Tuesday, 20 September 2011

Hadrian's Wall

Having just visited Hadrian's Wall my eye was caught by the sub-head in Ed Frith's article in the Guardian, 'No comprehensive guide to our islands' buildings should exclude Hadrian's Wall or Stonehenge.' Commenting  on Jonathan's Glancey's introduction to the Guardian's Guide to British Architecture he suggests that Glancey misses the 'deep and longer story of British architecture.'

He goes on, 'Surely Britain is allowed its ancients: does the history of architecture only start with the arrival of Christianity, the dominant force in architecture? Surely it should include places deep in our psyche and defining the last six millennia. Where are the precise fabrications of Stonehenge, and the domestic and environmental connectivity exhibited at Skara Brae? Where are the Romans' technical marvels, Hadrian's Wall, and their integrated plumbing and heating?'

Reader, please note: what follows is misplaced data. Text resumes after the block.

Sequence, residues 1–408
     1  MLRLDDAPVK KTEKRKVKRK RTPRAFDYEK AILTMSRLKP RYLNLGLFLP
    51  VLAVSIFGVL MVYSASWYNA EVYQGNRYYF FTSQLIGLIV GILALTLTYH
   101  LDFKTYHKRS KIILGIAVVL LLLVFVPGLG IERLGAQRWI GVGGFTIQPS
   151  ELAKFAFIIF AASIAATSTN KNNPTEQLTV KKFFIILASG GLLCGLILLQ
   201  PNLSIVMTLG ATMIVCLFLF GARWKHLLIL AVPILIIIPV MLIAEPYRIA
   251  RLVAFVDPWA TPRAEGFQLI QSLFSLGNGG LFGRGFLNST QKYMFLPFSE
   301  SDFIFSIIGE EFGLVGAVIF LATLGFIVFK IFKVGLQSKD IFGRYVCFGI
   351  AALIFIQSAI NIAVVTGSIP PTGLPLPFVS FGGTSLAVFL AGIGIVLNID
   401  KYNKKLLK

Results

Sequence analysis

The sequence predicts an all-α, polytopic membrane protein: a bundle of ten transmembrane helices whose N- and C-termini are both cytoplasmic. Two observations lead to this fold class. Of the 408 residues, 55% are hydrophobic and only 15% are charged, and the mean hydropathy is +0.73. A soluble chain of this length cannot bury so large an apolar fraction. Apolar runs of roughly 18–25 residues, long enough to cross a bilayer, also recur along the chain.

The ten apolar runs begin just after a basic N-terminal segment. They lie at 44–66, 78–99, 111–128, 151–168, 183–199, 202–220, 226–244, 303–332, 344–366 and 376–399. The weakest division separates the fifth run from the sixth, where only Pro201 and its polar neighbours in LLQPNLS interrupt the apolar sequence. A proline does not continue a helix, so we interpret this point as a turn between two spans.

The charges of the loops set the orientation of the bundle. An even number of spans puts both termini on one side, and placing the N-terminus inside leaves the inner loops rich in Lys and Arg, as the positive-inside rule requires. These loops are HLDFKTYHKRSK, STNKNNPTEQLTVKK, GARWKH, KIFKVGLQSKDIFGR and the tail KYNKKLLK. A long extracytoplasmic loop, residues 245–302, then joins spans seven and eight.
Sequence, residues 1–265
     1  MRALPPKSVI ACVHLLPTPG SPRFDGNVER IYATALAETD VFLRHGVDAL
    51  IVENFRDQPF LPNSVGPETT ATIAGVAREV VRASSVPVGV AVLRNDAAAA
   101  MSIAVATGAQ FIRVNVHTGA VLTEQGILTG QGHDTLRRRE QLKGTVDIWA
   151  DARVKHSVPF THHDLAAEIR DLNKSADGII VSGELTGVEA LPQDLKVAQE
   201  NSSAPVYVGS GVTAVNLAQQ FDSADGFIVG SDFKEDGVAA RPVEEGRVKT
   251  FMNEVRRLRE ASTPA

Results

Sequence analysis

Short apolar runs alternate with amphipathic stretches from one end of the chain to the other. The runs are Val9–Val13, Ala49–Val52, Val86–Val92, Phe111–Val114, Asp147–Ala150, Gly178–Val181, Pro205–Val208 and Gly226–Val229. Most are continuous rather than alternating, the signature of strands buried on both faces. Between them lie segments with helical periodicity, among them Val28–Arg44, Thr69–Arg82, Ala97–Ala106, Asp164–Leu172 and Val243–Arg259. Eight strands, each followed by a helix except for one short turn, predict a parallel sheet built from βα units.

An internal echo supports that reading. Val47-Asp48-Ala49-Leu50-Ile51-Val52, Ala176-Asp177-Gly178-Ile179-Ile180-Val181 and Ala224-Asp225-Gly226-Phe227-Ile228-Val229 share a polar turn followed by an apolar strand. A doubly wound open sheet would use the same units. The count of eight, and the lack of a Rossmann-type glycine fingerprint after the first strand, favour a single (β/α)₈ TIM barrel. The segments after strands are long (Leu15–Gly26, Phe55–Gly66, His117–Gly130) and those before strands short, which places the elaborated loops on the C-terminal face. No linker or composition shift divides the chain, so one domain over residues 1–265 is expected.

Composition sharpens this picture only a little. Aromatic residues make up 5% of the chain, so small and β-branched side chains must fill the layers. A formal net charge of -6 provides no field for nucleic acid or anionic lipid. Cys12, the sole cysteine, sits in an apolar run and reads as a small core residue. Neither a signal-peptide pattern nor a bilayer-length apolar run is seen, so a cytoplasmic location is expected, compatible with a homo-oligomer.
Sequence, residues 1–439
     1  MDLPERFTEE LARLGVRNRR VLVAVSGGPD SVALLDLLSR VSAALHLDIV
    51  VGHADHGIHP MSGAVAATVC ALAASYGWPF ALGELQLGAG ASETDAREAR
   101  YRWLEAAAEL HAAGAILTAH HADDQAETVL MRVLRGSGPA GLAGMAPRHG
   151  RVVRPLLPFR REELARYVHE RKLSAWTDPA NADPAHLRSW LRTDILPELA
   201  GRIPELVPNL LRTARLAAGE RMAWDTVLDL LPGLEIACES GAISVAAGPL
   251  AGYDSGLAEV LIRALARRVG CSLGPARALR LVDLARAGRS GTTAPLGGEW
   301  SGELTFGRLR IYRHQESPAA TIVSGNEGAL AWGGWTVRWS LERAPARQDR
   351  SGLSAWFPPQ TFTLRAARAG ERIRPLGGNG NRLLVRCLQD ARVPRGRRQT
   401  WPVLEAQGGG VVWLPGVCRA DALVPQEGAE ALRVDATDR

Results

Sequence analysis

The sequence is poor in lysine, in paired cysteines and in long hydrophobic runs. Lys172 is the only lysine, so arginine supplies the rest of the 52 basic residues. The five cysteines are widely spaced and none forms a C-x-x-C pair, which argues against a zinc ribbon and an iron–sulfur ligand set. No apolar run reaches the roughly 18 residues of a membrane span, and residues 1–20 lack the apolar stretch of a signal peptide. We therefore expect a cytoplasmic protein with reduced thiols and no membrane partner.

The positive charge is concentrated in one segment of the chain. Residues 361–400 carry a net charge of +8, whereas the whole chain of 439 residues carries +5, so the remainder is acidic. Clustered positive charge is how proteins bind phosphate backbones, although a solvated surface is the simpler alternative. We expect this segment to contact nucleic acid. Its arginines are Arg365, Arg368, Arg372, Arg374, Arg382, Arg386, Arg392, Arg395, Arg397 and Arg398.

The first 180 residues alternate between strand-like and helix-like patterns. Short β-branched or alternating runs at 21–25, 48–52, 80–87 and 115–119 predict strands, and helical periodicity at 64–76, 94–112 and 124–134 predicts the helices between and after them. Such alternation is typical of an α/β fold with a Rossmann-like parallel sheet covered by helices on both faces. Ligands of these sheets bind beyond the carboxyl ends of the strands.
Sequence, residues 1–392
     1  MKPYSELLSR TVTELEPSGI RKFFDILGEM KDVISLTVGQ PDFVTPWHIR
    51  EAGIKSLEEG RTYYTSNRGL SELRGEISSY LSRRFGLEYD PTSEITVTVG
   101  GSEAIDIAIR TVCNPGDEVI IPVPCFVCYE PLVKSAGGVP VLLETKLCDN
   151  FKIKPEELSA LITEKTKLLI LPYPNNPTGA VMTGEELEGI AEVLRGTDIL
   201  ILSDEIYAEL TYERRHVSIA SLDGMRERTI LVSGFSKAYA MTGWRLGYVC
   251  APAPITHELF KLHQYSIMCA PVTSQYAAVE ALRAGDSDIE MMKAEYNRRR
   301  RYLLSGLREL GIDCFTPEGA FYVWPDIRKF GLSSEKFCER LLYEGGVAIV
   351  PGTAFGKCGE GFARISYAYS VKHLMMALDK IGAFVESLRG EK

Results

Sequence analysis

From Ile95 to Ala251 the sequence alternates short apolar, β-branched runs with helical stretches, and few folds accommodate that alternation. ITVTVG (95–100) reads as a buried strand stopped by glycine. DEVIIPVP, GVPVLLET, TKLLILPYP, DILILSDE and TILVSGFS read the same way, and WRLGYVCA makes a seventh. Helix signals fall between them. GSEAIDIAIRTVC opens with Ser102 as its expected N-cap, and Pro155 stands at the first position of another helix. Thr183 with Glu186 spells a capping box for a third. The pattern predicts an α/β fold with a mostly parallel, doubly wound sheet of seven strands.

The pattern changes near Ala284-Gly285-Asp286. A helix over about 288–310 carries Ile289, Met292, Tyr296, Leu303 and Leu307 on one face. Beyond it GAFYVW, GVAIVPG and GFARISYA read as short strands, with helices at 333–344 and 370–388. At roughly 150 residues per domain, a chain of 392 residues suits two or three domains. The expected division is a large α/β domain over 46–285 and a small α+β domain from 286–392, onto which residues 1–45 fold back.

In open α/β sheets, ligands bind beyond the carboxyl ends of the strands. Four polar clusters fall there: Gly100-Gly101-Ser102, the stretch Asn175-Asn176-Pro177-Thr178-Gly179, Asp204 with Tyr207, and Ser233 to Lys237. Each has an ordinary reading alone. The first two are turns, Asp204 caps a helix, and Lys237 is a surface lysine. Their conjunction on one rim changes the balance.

Indeed, what a marvel Hadrian's Wall is. Set in the most outstanding rolling countryside, the immensity and audacity of the project is inspirational. We spent a happy hour or two walking the wall, tramping the footsteps of the Roman soldiers, imagining the camp followers, the entertainers, the women and the muddy tracks across the sweeping landscape, standing meerkat like on top of the wall searching the moors for invading Celts...